I expected there to be a fire but there wasn't.  There was evidence of previous fires, some built against a monument to a fallen peligrino.

That was not okay.  I had stopped at the Chinese store and brought a lighter and some incense.  I had started the Camino in St. Jean by spending a few minutes in the albergue's meditation garden house burning a stick of incense.  There was a girl there, don't remember her name, that had walked from Finisterre to St. Jean.  She looked like she needed some incense so I gave her a cone and told her to burn one when she got to her stopping point in England and I would burn incense when I reached Finisterre.  I lit about six sticks and set them so that the wind would blow the aroma across the fire, which wasn't so aromatic, considering what it was about to burn!

  There were non-peligrinos milling about and I could see where fires had been lit before, so I gathered some rocks, made a fire pit, stuffed some kleenex into my socks and some paper that Tina had, and started a fire.  Surprisingly, it lit quickly.  I turned on my iTunes to Dean Martin's "Return to Me!'  It was my father's favorite song and oh so mood setting.  A biker sat above the fire and watched as did several other non peligrinos.  Several laughed at first but then the magic began.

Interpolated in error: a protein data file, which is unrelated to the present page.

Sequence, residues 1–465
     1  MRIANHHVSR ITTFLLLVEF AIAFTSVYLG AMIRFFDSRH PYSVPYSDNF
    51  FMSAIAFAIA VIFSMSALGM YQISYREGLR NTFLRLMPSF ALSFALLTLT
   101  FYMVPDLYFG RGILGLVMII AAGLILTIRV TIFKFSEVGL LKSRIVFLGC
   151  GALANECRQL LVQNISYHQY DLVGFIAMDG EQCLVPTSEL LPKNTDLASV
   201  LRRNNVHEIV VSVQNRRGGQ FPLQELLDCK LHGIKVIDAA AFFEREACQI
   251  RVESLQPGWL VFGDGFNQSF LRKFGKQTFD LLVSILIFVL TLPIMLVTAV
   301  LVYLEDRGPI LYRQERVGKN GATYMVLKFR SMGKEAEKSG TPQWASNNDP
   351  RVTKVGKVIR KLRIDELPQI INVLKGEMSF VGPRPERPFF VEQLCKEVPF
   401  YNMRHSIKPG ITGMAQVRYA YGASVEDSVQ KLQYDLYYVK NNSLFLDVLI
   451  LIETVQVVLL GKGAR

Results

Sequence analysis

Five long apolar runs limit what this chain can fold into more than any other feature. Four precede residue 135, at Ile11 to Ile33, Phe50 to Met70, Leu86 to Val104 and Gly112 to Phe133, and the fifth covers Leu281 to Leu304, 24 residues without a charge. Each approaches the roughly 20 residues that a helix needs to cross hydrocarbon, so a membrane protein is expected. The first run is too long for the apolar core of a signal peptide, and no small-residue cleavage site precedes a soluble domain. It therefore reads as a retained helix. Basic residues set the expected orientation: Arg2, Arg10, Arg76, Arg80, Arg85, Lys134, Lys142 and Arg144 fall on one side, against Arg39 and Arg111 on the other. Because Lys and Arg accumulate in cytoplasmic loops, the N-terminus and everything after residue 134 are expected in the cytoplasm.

I was lost in the moment and they could see that it wasn't a comedy routine.  It was a solemn moment.  Everyone got real quiet as the flames grew and Dean crooned.  The Spanish biker asked if he could burn a sock, and he gave it to me and I put it on the fire.  Then another person gave a t shirt, and someone else gave a hair ribbon.  And so it went.  No one saying a word and several tears falling.  It was ... magic.